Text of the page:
Chicago Bears

Moon: How do Bears slow Brady, beat Patriots?

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Moon: How do Bears slow Brady, beat Patriots?

Friday, Dec. 10, 2010
Posted: 9:46 a.m.
By John Mullin
CSNChicago.com

Every game turns on a small handful of plays or factors. Here are the three that will decide the Bears-New England Patriots game Sunday:

1. Blunt Brady

If the Bears can't fully stop Tom Brady, recent history says they stand a better-than-most chance of containing him, at least partially, and that may enough.

The Bears have held nine of the 10 "regular" starting quarterbacks they've faced this season to a passer rating below that quarterback's season average. Only Seattle's Matt Hasselbeck was better than his average. The Chicago defense has allowed an average passer rating of just 71.1 while Jay Cutler has been passing at a career-best 92.8. Only the Green Bay Packers (69.6) have been better at stopping passers.

Why that opposing quarterback rating matters in this case is because the only two teams to defeat the New England Patriots (New York Jets, Cleveland Browns) were responsible for two of Brady's three lowest passer ratings of the season and his two lowest completion percentages.

Brady hasn't thrown an interception in seven games, so blunting him is far, far easier schemed than done, particularly since only four teams have given up fewer sacks than the Patriots. But with a vulnerable defense, Brady is the absolute point of the New England spear with his own personal ball-control program built around completing 66.8 percent of his passes.

It is not a spear that lives with deep thrusts in the Martz downfield tradition. The Patriots average 11.8 yards; the Bears by comparison average 12.4. But Brady has thrown 385 passes and only four of them were intercepted vs. 27 going for touchdowns.

"That's why he's got all those Super Bowl rings," said defensive coordinator Rod Marinelli. "He doesn't make many mistakes."
2. Stay the course

The change in offensive philosophy from pass-first to balanced has been the biggest single key to the makeover of the Bears' season, from a stretch of losing three of four to reeling off five straight victories. The commitment to running the ball has helped bring the offensive line together and, if not necessarily reducing the sack total down to acceptable levels, has taken a huge chunk of pressure off Cutler.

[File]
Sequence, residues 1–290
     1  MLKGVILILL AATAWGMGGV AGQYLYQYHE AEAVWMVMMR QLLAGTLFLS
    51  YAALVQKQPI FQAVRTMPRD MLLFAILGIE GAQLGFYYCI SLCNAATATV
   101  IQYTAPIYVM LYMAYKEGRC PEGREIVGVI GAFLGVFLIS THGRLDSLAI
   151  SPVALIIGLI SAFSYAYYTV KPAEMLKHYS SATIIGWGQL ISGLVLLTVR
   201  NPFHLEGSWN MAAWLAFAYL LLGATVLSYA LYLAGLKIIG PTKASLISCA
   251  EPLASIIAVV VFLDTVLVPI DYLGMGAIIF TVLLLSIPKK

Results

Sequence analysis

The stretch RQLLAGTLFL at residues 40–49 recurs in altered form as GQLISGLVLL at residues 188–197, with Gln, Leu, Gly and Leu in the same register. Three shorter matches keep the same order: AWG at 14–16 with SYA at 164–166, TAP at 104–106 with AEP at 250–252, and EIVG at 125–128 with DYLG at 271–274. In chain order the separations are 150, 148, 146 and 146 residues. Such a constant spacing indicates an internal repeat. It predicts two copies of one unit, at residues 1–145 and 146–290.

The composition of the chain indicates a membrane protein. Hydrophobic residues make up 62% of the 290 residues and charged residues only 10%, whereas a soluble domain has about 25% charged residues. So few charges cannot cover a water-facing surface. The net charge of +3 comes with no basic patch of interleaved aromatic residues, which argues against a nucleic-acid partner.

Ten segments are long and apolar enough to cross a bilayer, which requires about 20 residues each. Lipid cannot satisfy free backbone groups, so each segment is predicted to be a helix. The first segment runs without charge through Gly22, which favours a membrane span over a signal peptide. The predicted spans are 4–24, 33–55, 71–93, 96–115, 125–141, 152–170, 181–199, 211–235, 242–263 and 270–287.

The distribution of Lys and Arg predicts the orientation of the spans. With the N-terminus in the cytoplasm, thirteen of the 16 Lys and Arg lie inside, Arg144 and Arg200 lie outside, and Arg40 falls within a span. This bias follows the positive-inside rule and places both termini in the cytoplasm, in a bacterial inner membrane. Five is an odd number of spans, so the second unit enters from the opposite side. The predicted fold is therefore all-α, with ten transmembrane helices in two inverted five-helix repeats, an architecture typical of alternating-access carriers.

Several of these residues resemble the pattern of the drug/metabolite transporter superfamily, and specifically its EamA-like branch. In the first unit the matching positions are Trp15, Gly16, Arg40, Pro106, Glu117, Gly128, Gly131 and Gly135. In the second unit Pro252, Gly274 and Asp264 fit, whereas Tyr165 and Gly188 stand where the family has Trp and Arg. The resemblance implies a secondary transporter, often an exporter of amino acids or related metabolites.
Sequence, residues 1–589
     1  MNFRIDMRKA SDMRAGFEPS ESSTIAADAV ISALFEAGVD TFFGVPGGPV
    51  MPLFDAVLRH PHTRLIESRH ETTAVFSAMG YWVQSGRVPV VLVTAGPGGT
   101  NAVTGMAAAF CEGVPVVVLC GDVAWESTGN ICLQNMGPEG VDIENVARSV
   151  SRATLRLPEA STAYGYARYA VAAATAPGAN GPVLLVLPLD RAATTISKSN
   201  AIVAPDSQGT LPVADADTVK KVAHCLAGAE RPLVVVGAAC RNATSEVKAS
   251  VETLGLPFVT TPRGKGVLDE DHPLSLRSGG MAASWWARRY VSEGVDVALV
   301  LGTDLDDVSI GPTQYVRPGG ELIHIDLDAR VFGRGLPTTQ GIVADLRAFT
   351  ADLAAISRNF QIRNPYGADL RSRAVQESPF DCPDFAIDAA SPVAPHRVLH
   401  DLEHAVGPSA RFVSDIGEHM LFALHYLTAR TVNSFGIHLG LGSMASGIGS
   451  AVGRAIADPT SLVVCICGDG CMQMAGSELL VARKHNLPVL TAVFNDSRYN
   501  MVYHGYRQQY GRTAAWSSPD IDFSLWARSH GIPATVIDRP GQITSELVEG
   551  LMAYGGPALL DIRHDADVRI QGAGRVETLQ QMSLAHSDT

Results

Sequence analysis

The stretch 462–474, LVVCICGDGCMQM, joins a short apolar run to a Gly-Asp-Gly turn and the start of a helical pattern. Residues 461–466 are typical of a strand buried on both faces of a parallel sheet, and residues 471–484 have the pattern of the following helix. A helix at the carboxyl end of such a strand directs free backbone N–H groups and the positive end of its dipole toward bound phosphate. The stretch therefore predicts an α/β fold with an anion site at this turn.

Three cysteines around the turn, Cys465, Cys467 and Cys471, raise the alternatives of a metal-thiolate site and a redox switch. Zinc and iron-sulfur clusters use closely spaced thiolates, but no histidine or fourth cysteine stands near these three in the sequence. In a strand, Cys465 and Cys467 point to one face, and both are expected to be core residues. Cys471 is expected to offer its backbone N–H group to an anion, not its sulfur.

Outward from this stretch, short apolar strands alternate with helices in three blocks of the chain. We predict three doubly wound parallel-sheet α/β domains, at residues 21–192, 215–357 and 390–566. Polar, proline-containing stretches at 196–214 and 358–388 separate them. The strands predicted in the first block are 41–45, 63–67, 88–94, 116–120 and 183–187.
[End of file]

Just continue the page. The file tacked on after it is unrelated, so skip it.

The Bears are 7-0 this season when they rush for 100 yards. All three of their losses have come when they've rushed for few 75 yards, regardless of attempts or average per carry.

Their play-calling has been nearly 50-50 run-pass over the last five games. Cutler has thrown for fewer than 200 yards in three wins in the five-game run and, most important, has thrown 10 touchdown passes vs. three interceptions.

"It starts at the top with Mike Martz," Cutler said. "He does a good job in meetings of keeping guys positive and keeping them on point with the system and believing in it and showing guys examples on tape of how the system works -- if we do it right, what would happen.

"And guys got it. There were glimpses of it on tape, and guys understood if we completely got everything down that we could be explosive. Are we there yet? Not yet, but we're definitely on our way."

The problem with New England, however, is that no defensive schemer is better at forcing players, coaches and teams out of what they want to do than Bill Belichick. He has done it to Martz in the past and one dangerous scenario for the Bears would be Belichick completely shutting down the Chicago run game to the point where Martz and Cutler become impatient and risk turnovers in search of big plays, particularly if they believe they cannot afford their balanced game plan in the face of some quick New England points.

The Bears are 6-1 when they have had an edge in time of possession, a normally meaningless statistic if only looked at in terms of minutes and seconds. But every minute that the Chicago offense is on the field, New England's is not. It is a course Martz needs to stay on more than against any opponent to date this season.
3. Take the points
The Bears are 8-1 when they have scored 18 or more points. Only once this season (in Detroit) have they scored touchdowns on every possession reaching inside the red zone but they have won four of the five times that they have scored points of some sort.